Battle of the Chancellors: hope v fear

30 October 2012

At the Spectator debate on the economic consequences of Mr Osborne last night, Andrew Neil repeated JK Galbraith’s line that ‘economic forecasters exist to make astrologers look good.’ The impressive Conservative MP Jesse Norman countered with ‘an economist is a man who knows 17 ways to make love to women – but no women’. Lord Oakeshott, I think, joined the mockery by pointing out that every forecast from the Office of Budget Responsibility had been wrong. Its consistent incompetence, its steady state of stupidity, its unerring unreliability, made it a surprisingly useful institution, however. Whatever it predicted you could be sure the opposite would occur.

How we laughed. But political commentators are no better. For we too make sweeping predictions about the result of the next general election as if we were clairvoyants who can know an unknowable future rather than mere hacks. Having denounced the sin of false foresight, allow me to play the hypocrite and commit it.


I was struck by the optimism of the left-leaning speakers in the debate — not just Oakeshott, but David Blanchflower and Alistair Darling. They were full of dynamism and hope. They wanted the Treasury to get out of the way and allow pension funds to invest in public housing projects. They warned that we can never cut back the deficit without growth, and only imaginative public action – not just direct government borrowing, incidentally – could create growth and, as a happy consequence, provide homes for the young and the power stations we need to stop the lights going out as well.

The right-wing speakers Jesse Norman, Fraser Nelson, of this parish, and Norman Lamont trumped hope with fear. I could feel and share the frisson of puritan self-disgust that ran through the audience when they described Britain’s massive personal and state debts. We went on a jag in the last decade, they said, and there was no escaping the hangover. The bond markets would no more allow us to increase debt than a doctor would allow a doctor to increase his alcohol intake.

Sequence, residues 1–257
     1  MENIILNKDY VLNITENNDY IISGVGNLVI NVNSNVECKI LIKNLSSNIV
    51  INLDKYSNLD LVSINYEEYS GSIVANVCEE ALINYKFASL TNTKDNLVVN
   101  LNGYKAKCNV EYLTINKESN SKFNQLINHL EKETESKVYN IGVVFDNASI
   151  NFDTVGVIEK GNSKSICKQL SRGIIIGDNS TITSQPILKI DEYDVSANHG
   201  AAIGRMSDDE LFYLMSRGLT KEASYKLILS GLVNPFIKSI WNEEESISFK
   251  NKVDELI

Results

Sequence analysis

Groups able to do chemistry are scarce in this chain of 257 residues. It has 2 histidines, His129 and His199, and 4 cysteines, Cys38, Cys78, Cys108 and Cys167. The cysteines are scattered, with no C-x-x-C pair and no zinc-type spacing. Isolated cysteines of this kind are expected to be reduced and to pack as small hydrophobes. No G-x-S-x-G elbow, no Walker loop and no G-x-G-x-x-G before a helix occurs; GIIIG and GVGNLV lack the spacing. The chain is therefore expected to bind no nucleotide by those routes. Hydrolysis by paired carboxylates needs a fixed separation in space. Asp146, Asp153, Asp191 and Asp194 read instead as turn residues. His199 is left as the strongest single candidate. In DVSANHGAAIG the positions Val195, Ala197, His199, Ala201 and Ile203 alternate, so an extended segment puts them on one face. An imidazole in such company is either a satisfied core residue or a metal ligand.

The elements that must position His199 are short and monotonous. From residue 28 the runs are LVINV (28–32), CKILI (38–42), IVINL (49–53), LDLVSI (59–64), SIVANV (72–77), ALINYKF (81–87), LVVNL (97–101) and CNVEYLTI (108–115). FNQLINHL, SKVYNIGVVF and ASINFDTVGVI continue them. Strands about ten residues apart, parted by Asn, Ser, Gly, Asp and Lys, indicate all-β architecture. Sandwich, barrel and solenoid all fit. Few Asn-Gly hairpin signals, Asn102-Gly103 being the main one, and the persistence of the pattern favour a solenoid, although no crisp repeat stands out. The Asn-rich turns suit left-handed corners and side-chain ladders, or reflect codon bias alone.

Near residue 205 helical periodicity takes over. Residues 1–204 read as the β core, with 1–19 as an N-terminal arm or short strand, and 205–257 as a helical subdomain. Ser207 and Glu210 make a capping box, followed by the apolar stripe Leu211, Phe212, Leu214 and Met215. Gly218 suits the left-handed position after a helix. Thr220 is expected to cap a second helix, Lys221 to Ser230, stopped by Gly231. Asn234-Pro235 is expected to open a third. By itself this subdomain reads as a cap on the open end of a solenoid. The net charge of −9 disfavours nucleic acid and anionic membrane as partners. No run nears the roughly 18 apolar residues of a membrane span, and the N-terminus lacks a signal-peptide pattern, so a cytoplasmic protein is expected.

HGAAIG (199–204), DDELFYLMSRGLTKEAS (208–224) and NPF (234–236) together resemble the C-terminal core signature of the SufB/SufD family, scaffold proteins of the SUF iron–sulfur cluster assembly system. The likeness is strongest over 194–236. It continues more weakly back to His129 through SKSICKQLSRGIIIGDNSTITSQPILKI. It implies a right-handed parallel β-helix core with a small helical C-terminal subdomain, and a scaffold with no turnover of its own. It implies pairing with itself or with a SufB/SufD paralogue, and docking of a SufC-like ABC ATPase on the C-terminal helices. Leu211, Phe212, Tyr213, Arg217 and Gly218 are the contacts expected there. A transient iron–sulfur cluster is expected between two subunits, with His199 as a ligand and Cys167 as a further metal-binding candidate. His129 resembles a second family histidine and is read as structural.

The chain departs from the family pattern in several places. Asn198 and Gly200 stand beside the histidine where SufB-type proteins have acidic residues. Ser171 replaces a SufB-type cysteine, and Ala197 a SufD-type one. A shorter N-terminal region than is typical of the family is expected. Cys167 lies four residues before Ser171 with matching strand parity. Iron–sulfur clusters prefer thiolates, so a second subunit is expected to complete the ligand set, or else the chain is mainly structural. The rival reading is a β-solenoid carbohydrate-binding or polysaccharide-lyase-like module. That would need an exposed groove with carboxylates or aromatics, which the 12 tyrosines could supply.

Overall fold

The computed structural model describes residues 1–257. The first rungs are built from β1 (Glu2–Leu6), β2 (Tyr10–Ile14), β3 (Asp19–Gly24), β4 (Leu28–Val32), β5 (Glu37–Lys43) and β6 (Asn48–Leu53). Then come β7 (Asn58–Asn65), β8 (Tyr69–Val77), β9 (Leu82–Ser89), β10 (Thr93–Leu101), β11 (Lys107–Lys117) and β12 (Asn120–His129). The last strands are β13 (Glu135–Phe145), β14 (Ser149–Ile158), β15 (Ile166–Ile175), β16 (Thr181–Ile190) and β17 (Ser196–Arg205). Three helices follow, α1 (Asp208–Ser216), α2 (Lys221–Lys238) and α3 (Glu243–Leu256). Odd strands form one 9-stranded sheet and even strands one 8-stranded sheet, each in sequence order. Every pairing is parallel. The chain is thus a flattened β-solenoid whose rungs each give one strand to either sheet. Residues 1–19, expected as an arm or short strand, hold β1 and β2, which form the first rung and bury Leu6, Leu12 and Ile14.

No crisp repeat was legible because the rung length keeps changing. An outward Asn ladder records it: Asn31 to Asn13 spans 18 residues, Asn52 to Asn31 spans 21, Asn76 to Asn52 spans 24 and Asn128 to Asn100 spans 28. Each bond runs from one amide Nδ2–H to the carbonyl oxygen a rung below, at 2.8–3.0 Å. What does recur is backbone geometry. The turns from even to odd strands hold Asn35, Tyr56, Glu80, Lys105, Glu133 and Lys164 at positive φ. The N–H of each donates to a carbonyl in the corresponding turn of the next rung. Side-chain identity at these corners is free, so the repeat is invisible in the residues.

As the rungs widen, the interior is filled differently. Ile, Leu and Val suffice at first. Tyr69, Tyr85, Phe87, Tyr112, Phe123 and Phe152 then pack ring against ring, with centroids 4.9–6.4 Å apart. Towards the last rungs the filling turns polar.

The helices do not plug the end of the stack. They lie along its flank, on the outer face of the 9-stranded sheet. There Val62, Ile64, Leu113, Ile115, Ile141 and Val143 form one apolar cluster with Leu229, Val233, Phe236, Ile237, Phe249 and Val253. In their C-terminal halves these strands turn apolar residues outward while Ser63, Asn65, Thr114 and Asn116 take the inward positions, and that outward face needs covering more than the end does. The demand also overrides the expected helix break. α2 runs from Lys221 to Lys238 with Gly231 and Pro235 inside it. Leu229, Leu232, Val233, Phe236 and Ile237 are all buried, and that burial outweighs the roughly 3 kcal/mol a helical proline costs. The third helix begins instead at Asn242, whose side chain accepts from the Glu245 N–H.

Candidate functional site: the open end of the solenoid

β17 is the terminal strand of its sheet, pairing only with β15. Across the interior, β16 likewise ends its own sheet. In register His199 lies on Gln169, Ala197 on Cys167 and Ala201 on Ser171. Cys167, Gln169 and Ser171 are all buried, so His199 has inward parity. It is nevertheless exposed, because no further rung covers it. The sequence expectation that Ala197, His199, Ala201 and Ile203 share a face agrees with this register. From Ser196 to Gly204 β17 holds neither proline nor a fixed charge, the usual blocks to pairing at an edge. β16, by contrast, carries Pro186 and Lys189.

Fear won the audience over, and it may convince the country to stick with the coalition at the next election. But Osborne ought to be worried. In their hearts, Norman, Nelson and Lamont don’t believe in his economic strategy either. They would cut spending further and lower taxes to create growth if they could. They too did not want to stick with the status quo as the longest period of recession and stagnation in 100 years drags on. Although I disagree with their solutions, it was to their credit that they did not want to just sit there and do nothing as Britain declined around them.

Everyone says that the ideal place to be in politics is in the centre ground. But unless the short run of economic good news continues, George Osborne will look like a man trapped in a motorway’s central reservation. Eventually he will have to try to escape by making a dash to his right or left. There is no guarantee that he won’t be mown down as he runs for it.

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  • Trofim

    You are familiar with depressive realism, aren’t you? Slightly depressed people are more accurate predictors of the future than optimists. Bankers and idealists are optimists.

  • Kevin

    The problem seems to be that everyone is treating this as a political rather than an economic issue. Conservatives used to have an economic policy. They used to ignore Labour’s tactic of calling them “Nazis”. Now it is as if someone has calculated that the profligate are the swing voters and one must keep their house prices propped up at all costs or there could even be civil unrest.

    Politically, they may be right. The economy will still decline but, as long as the volatile types remain on top, decent people look as though they will keep tolerating the injustice like the slaves they are “meant to be”.

  • OldSlaughter

    Hope vs Fear vs EXPERIENCE.

  • Boo80

    Snake oil Merchants believe in Hope.
    Without Hope people wont sink their hard earned money into their Miracle cure.

    The advocates of Fear may be doing us a service, in getting us to accept that we have a problem.

    Ultimately with fear and hope, it depends on whether they are true.

  • sir_graphus

    I think of Ed Balls, and I think “fear”, rather than “hope”.

  • DavidDP

    On the other hand, I was struck by the fear epoused by Blanchflower et all. Mass unemployment, economic disaster etc etc unless the government steps in and saves us all from ourselves.
    Compare that with the optimism of Lamont et al, telling us that the seeds of economic health have been planted and the we can do it if only government would get out of our way.
    I guess you pays yer money and takes yer choice.

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